Saturday, January 20, 2018

Mama Bigfoot 1937-2018

I have stepped from away blogging for the past few days to travel to Virginia to pay my last respects to my mother, who passed away from a heart attack this past Monday.  Later that afternoon, I got a call from one of my brothers.  Because this is unusual for us this time of year, I could pretty much sense that he had some bad news.  According to my siblings, Mom had checked herself into a hospital about a week earlier.

We had two viewings this past Thursday and the funeral yesterday, for which I was a pallbearer, as I had been for my father in 2013.  For the viewings, we found about 10 photos from Mom's life, including one from her and Dad's wedding and one of them about to go on a date.  The viewings and funeral were attended by friends and co-workers of my siblings, some out-of-town relatives, and some of the same neighbors who had shown up for Dad.  One relative was a cousin I had not seen since the late 1980's, at her home in Pennsylvania.

Mom was born during the Great Depression and the presidency of Franklin Roosevelt, and lived to see a president younger than her first two children, and even to see him step down.  Her father was coal miner and her mother was housewife.  She was the middle of three sisters, who also had an older brother.  About two years after she graduated high school, she married an older alumnus from the same school, who had gone to work in western New York State.  Other than during a one-year hiatus in Connecticut, they raised six children in New York.  In 1975, due to Dad changing jobs, we all moved to Virginia, where most of my siblings still live.

Tuesday, January 16, 2018

Tuesday Links

Another Tuesday afternoon, another bunch of things going on:

From Sputnik International, Italy rescues about 1,400 migrants in one day.

From Hungary Journal, Hungary is considering banning Hungarian native George Soros from setting foot in the country.  (The story comes via Voice Of Europe.  If you read Hungarian, read more at 444.)

From Russia Today, a Syrian man in Germany is detained on suspicion of planning act of terror.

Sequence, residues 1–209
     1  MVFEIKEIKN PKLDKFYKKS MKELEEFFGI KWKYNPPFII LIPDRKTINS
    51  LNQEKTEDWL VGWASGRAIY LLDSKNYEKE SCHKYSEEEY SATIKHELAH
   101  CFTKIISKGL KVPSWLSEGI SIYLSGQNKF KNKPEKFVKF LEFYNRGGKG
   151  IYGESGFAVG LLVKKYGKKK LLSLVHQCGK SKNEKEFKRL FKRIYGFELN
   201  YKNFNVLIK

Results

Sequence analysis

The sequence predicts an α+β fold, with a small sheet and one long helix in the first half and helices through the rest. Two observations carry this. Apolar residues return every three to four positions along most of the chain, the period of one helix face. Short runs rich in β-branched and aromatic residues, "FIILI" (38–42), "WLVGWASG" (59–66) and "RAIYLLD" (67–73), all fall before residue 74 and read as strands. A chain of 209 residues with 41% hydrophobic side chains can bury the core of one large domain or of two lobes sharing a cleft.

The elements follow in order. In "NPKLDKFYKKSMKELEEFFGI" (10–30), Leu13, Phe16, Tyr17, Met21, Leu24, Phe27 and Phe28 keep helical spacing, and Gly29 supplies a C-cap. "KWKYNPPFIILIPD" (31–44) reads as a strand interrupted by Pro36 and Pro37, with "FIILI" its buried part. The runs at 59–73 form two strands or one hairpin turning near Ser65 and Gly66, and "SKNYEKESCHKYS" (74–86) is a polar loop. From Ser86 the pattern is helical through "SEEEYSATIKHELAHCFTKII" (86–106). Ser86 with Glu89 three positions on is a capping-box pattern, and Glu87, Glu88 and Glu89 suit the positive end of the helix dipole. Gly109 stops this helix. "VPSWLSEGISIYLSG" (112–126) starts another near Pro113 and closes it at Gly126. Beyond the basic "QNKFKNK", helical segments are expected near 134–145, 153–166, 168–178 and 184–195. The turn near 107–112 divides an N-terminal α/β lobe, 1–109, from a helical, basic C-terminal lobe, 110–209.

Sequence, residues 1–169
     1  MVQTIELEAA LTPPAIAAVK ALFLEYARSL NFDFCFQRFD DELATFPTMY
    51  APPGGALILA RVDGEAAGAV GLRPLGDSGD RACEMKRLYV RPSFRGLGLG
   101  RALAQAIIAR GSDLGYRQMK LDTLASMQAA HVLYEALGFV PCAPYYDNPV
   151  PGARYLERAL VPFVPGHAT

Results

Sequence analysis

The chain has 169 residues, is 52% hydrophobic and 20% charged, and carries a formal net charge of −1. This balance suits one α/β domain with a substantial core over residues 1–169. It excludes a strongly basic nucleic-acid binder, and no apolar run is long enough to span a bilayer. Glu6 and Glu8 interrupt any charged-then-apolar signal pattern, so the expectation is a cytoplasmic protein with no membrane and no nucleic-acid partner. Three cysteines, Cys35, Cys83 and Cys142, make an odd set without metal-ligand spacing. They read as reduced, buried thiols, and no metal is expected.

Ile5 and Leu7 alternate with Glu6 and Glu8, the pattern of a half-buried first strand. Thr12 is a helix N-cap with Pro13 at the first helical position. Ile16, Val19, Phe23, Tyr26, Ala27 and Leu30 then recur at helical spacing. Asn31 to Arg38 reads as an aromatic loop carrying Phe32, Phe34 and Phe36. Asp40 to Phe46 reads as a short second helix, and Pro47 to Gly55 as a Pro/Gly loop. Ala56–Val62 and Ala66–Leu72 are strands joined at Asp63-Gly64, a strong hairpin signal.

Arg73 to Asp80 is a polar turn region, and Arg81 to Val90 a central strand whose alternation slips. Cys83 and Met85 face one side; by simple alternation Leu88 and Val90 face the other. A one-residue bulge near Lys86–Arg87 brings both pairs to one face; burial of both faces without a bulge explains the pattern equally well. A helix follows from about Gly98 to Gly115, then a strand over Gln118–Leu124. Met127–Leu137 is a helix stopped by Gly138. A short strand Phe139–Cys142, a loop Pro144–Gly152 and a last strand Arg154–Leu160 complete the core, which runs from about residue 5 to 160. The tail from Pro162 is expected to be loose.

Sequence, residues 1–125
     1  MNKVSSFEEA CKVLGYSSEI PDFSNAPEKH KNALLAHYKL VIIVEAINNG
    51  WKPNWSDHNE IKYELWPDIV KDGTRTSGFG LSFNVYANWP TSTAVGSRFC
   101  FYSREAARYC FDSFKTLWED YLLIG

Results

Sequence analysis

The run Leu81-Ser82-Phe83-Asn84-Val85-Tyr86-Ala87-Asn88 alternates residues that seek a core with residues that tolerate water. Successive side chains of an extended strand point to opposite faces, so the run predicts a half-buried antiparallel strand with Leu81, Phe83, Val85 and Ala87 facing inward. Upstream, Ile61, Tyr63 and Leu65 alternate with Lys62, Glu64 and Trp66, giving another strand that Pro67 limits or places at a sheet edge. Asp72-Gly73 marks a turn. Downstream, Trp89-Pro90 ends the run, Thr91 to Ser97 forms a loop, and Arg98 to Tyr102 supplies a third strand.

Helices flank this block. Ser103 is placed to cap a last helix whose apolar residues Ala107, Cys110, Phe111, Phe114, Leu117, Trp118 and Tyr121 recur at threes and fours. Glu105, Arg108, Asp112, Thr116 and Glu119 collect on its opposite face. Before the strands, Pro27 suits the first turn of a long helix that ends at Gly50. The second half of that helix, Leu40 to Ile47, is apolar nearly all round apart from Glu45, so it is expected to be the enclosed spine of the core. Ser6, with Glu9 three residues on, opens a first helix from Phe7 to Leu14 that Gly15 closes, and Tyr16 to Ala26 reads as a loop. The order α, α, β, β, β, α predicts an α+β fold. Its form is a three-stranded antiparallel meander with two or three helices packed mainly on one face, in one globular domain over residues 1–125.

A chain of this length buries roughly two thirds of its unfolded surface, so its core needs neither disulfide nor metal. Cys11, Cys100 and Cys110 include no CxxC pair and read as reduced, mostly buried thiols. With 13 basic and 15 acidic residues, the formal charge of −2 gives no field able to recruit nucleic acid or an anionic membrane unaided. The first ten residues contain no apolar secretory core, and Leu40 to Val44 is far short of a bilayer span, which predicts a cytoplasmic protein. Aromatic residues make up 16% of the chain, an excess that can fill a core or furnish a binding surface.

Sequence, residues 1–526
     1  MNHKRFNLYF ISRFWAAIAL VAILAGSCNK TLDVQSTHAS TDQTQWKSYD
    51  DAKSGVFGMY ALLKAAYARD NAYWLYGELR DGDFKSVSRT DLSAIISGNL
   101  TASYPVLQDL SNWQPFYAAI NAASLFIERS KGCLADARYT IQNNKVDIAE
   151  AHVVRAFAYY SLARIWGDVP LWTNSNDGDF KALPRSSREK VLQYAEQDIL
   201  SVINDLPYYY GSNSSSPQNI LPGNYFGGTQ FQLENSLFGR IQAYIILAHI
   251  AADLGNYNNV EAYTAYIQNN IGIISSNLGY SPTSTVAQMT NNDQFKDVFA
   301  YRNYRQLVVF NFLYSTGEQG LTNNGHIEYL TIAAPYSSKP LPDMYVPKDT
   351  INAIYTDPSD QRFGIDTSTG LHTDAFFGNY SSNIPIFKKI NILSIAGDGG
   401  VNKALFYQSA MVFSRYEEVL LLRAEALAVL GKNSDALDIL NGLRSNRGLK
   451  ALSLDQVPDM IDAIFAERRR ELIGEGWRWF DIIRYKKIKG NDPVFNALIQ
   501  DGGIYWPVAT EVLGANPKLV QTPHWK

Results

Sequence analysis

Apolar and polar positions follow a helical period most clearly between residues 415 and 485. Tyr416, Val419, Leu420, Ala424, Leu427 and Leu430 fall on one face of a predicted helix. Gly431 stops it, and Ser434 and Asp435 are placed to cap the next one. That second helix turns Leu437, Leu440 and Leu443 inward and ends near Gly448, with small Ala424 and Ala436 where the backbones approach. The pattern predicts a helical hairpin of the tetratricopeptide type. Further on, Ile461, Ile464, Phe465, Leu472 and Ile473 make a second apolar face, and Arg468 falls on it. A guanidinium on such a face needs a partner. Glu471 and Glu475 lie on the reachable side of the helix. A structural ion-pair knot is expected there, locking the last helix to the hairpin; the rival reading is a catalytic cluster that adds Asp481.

From Voice Of Europe, some Paris metro stations are becoming "no-go" zones.

From BBC News, France will not allow another "jungle" in Calais.

From The Old Continent, the E.U. task force set up to oppose "fake news" can't figure out what "fake news" is.

From Breitbart London, five incidents which showed that mass immigration into the Netherlands is harmful.

From The Daily Signal, 10 thoughts on President Trump and the [bleep]hole countries.

From The Hill, Trump passes his physical and mental health tests.

From Twitchy, the left goes nuts over Trump's declaration of Religious Freedom Day.  (And yet, their side claims that he has mental problems?)

From Fox News, there could be new charges stemming from the Las Vegas mass shooting.

From France24, in France, an Islamic convict attacks prison guards with scissors.

From the New York Post, Trump now says that he wants immigrants "from everywhere".

From Science News For Students, a creature that Fred Flintstone might have called a "duckasaurus".

And from 11Alive, five things that cold weather does to your body.

Monday, January 15, 2018

Links For The King Holiday

Today is the holiday which commemorates the birth of Dr. Martin Luther King.  It is also Dr. King's actual birthday.  This holiday, like several others, is observed on a designated Monday, which this year coincides with his birthday.  Here are some things going on:

From LiveMint, a timeline of the meetings between the Israeli and Indian prime ministers.  (via Legal Insurrection)

From The Daily Caller, a Puerto Rican columnist blames the Jews for the island's problems.  (I wonder what Juan Epstein, the fictional Puerto Rican Jew from Welcome Back, Kotter, might think of this development.)

From Deutsche Welle, almost half of rejected asylum seekers in Germany are winning their cases on appeal.

From The Courier, France's new "fake news" law raises concerns about censorship.  (via Voice Of Europe)

From Voice Of Europe, an Italian politician is worried about his country's "white race".  (If you read Italian, read more at Varese News.)

From Sputnik International, in Austria, 45 people have been arrested for alleged drug dealing involving smuggling by minor asylum seekers.

From the NL Times, 22 percent of Dutch women have been victims of sexual violence.

From the New York Post, several cars in Brooklyn, New York have been damaged by exploding manholes.

Sunday, January 14, 2018

Canada Warns Against Illegal Immigration, And Other Stories

Today I ran across an article in Breitbart's Big Government about Canadian immigration policy.  It seems our friends to the north have adopted what I will call a "Lee Corso" policy toward those who would enter Canada illegally, as in "not so fast!"  An excerpt: